On the latter part of the thread I would suggest that the period of change being discussed that lead eventually to the delineation of border troops and the creation of the first central field army would be the stationing of II Parthica near to Rome with the Praetorian Guard at the very end of the 2nd Century.

In more detail I would almost suggest:

- up to the end of the 1st Century AD a period of almost continuous expansion, for many reasons, but definitely legion-based

- the 2nd Century AD sees firm consolidation (post Trajan/Hadrian) and the fixing of most borders and the troops to control them and the switch to leaving legions more-firmly based and the use of vexillations from those legions more and more.

- the 3rd Century AD sees the involvement of a central reserve to add weight to existing and ad-hoc armies

- The beginning of the 4th Century AD (post-Constantine) sees the change finalise with the old-style legions and auxiliaries firmly based on the borders and the creation of the field armies we then see attested in the ND. The limitanei still remain effective and are used, probably more locally, as temporary (pseudo-comitatenses) attachments to the field armies.

M2CW
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#35
This discussion goes into a very academic if not philosophic direction. Was the tactics at Cannae or Charrae significantly different than Arrians battle against the Alans or Julians battle against the Alemanns? What is a significant change in tactics and what is not? "Significant" is relative! And thats what you guys are disputing about. I am afraid that leads to nothing.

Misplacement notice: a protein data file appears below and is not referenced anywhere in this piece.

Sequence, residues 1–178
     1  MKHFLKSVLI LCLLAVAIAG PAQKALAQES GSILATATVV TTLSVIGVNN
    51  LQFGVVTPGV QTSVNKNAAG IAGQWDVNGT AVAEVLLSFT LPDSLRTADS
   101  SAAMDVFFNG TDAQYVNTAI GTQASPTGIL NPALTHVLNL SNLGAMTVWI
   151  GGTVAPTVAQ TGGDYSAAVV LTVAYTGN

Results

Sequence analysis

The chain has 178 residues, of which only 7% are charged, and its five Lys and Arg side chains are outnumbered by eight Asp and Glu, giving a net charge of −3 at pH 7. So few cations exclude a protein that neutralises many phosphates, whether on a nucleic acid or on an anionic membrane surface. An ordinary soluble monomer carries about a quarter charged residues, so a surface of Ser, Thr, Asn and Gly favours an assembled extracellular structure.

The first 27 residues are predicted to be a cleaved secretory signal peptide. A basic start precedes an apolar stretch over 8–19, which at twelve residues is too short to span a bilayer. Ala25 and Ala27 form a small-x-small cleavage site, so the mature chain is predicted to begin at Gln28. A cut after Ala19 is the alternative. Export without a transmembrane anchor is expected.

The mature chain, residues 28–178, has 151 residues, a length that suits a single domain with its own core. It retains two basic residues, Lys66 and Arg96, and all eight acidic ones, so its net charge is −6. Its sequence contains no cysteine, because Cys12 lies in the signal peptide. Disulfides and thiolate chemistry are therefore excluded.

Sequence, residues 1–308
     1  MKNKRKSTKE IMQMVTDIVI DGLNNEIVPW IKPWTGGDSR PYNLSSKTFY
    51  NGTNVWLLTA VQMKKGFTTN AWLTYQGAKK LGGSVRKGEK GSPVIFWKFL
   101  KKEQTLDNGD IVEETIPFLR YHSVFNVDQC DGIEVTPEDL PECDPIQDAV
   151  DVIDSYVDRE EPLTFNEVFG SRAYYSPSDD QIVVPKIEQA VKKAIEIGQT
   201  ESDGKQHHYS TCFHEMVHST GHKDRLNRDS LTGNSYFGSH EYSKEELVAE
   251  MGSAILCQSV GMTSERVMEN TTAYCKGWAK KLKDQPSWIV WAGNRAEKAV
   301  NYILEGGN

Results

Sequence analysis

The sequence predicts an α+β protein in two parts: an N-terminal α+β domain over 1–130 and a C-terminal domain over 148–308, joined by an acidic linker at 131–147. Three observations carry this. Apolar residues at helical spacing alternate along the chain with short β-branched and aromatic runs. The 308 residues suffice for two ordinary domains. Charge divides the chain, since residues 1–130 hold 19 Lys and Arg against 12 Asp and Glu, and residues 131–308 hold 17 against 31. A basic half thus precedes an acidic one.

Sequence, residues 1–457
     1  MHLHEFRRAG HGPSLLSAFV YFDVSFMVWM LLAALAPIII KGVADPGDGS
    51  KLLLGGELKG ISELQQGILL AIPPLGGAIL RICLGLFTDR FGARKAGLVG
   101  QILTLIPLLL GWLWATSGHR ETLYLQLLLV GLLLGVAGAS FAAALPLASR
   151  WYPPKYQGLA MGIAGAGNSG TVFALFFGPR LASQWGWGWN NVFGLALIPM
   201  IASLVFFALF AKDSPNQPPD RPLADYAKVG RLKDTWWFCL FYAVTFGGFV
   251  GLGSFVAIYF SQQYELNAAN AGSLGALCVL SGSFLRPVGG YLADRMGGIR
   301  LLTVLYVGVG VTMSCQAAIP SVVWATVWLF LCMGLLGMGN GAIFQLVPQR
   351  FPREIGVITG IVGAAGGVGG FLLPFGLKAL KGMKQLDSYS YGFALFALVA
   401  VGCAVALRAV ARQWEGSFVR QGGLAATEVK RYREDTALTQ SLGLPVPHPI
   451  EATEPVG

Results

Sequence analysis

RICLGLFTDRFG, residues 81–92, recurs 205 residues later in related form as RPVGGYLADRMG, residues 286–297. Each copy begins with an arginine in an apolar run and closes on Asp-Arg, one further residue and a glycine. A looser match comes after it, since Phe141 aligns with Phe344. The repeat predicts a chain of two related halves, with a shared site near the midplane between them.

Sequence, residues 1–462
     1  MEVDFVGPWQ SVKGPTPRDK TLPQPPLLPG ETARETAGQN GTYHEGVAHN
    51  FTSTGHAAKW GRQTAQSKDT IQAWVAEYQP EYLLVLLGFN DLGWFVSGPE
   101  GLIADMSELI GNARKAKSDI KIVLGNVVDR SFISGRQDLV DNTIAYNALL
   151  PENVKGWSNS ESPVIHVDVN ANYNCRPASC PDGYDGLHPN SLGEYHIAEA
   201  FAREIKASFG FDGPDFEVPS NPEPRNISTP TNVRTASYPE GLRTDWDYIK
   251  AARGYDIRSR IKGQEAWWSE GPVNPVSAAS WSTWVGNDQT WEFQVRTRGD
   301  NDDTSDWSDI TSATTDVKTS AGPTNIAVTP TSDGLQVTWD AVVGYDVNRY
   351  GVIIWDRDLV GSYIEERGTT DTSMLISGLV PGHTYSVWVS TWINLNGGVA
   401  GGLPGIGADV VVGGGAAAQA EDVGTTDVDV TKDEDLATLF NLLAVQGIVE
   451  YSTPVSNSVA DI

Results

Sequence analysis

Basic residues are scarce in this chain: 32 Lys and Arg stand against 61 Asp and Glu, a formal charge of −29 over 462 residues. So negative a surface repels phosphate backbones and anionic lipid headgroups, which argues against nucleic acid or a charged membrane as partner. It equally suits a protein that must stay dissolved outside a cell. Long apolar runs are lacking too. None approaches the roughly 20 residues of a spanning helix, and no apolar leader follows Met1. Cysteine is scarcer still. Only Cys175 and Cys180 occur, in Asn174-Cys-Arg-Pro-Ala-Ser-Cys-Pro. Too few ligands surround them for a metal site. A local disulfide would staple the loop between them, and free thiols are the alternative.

Ut desint vires, tamen est laudanda voluntas
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#36
[quote][quote="Ross Cowan" post=352285]Any chance of appending "Imperial" to the title again? Could Mr. Seán Ó’Brógáin vary the equipment of the legionaries in plates with battle scenes? I like his attention to detail, but action scenes appear to be collisions between identically equipped individuals, such as plates G and H of Roman Guardsman.[/quote]

Add Imperial to the title? No.

As for more varied equipment in the battle scenes: no. My main concern with battle scenes is action and I specify relatively uniform gear in the artwork reference packages. I want the artist to focus on the drama, not the minutiae of arms and armour. That's what the other plates are for. Also, painting a battle scene is hard enough without me demanding all sorts of different helmets and belt-buckles. The artist doesn't get paid enough and the average reader is not going to notice. I think Seán's battle scenes in Roman Guardsman - fall of the Castra Praetoria in AD 69 (plate F) and the Battle of the Milvian Bridge in AD 312 (plate G) - are excellent.

Plates in Roman Legionary, AD 284-337 will include episodes from the battles of Turin (AD 312) and Adrianople (AD 324).

Cheers




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#37
Ross, I suppose there is no chance of having a plate showing the battle between the Goths and the forces of Constantine in 332?
Adrian Coombs-Hoar
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#38
Regarding the issue of tactics alone - since I do not hold myself knowledgeable enough to constructively participate in the discussion about the changes themselves in the Roman army in the said period (I am currently studying relevant sources in depth but there is still much to read before I can voice opinions) -, it is my belief that tactics in the ancient world did change, were very varied and adjusted to a multitude of situations BUT I also support, that the basic, underlying mechanisms that determined them remained more or less unchanged for thousands of years. The argument about the sword being a sword and a spear a spear is valid and, to my opinion, can be used as a basis for speculation and theories. However, it is only a brick in the wall of tactics. The way these basic elements were used according to circumstances were complex and should not be oversimplified as this argument seems to suggest.
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#39